Link profit sharing with oil, gas output, avg price: PMEAC
A committee headed by the Prime Minister's Economic Advisory Council Chairman C Rangarajan has recommended production-linked profit sharing of oil and gas operators with the government.
The committee has also recommended that an extended tax holiday of 10 years, as against seven years already available for all blocks under exploration.
The new mechanism will make explorers bid for percentage of output they can share with the government and the government’s share will go up with an increase in production as well as prices.
"Under the proposed model, production-sharing between the government and the contractor (of the auctioned oil and gas field) will be linked to average daily production and the prevailing average of oil and gas prices in a well-defined period," the committee said in the report on Wednesday.
The proportion of sharing should depend on the value of output per day and the price per unit of oil or gas, the report said.
Under the current mechanism, the explorer shares profit with the government only after recovering capital and operating expenditures.
The CAG had recently pointed out that the existing profit sharing mechanism has dented the government’s profits while giving benefits to explorers. Experts, however, said that acceptance of the recommendation would mean government mandating a price for gas.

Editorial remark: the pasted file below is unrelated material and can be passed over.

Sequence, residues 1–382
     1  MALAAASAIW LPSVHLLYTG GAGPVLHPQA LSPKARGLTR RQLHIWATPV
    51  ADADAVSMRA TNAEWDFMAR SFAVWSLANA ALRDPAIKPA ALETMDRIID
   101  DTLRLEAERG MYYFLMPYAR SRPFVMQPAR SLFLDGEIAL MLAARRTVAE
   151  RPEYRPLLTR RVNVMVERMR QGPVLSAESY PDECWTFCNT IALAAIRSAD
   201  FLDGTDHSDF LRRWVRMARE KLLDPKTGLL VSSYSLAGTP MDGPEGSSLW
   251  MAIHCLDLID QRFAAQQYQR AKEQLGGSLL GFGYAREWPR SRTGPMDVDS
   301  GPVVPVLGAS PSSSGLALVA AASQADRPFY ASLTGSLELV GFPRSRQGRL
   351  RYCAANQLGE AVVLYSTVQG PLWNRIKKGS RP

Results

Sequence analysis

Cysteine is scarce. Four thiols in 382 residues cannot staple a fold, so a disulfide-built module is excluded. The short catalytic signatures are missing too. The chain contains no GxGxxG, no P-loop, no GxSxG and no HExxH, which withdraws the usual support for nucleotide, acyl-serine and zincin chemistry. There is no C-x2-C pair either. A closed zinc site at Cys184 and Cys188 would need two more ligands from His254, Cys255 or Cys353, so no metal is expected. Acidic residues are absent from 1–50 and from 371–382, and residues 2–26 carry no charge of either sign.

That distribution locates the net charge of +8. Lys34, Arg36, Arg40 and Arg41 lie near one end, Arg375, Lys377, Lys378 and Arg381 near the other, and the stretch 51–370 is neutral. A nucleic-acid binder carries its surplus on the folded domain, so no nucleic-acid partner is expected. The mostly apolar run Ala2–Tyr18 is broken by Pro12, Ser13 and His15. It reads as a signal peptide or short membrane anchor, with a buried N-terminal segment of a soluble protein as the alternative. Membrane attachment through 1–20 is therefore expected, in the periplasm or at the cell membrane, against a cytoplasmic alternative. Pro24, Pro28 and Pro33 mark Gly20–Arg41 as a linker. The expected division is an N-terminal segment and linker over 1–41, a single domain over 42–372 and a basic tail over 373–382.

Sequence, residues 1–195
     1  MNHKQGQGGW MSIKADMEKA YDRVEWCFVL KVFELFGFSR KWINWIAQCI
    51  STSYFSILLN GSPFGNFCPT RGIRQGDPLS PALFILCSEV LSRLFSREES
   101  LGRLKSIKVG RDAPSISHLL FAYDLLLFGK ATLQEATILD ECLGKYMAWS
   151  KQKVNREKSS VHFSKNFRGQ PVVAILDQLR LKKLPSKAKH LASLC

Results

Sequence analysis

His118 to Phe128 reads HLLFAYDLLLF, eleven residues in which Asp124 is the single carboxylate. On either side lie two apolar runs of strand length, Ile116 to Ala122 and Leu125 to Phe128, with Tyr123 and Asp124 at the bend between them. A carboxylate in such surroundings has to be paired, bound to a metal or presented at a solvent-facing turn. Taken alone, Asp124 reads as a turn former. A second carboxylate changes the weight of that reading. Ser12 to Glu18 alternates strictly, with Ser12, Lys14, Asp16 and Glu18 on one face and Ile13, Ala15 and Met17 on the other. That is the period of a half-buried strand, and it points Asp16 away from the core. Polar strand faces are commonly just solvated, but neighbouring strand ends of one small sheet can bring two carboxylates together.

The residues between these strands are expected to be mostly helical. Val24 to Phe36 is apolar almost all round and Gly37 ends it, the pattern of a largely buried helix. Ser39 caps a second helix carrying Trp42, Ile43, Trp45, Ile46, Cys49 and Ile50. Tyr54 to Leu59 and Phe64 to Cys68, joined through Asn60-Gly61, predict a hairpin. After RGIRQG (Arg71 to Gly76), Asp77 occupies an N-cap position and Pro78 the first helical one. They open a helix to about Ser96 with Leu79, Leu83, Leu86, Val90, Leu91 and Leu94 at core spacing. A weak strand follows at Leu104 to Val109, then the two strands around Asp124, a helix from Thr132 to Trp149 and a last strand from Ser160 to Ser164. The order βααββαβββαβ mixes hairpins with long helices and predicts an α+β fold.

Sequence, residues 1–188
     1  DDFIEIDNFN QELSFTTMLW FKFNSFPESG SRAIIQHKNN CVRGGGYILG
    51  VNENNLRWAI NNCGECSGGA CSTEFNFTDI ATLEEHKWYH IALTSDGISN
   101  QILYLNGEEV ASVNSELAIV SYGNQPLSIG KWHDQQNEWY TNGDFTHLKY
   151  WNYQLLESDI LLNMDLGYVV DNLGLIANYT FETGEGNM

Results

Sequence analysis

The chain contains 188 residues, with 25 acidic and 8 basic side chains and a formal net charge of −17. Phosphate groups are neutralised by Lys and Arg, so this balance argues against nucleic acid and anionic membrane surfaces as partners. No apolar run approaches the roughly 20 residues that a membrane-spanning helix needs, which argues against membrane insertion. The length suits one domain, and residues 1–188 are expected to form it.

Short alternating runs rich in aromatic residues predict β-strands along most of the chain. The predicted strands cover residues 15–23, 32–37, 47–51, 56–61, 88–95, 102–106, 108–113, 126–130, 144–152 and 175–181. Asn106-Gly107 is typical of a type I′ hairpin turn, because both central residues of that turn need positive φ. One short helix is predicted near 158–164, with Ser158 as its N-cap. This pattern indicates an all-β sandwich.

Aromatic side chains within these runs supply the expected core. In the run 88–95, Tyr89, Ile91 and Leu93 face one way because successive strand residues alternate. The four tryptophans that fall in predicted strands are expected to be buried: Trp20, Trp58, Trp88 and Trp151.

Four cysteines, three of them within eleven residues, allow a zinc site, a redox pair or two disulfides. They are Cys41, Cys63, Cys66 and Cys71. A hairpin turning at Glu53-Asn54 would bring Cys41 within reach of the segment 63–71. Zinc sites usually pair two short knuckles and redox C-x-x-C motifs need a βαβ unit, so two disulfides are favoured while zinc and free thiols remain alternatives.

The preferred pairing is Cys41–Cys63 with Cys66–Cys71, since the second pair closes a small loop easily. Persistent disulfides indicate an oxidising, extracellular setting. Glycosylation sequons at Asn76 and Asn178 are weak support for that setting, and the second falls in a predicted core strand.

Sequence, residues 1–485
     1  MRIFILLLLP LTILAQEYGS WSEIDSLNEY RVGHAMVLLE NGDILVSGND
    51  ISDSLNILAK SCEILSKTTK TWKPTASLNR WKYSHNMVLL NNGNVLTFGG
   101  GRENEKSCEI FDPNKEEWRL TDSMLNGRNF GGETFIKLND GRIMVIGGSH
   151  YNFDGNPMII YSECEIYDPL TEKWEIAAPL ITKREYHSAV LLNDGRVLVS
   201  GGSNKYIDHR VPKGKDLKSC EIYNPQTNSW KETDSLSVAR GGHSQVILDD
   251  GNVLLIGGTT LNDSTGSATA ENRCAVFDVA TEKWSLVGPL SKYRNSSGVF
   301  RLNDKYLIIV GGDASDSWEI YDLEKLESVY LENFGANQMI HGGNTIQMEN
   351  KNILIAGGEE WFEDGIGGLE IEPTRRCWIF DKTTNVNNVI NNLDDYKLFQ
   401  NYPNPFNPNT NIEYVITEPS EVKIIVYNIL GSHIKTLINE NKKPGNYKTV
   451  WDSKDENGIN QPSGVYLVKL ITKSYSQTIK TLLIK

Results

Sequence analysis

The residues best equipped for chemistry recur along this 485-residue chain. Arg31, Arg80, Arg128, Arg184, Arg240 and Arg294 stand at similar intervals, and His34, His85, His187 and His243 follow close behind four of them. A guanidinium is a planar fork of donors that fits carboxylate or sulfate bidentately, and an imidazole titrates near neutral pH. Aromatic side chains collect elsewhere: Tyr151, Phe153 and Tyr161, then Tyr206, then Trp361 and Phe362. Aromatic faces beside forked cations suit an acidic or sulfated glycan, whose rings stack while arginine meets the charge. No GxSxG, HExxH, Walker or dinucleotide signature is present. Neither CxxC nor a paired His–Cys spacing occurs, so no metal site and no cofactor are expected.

They said that pricing based on demand and supply cannot be applicable to India, where fuel is in short supply. The Committee also said that the CAG's authority to audit expenses of an explorer is unquestionable.
"Audit is prerogative of CAG and so the power of audit remains with CAG," PMEAC Chairman C Rangarajan said after release of the report.
Recently Reliance Industries Ltd had argued that the CAG cannot do a performance audit of its flagship KG-D6 gas field.
CAD seen at 4.2%
The current account deficit is likely to be around the last year's level of 4.2 per cent of the GDP for 2012-13 fiscal, Prime Minister's Economic Advisor Council Chairman C Rangarajan said on Wednesday.
"I think CAD as a year whole in current fiscal may be in the same region as it was last year which was 4.2 per cent of GDP," Rangarajan said.
Current account deficit (CAD), which represents the difference between exports and imports after considering cash remittances and payment, widened to a record high of 5.4 per cent of GDP, or $22.3 billion, in July-September quarter.
"The export sector will be much better in the second half of the year (fiscal) than the first half," Rangarajan said.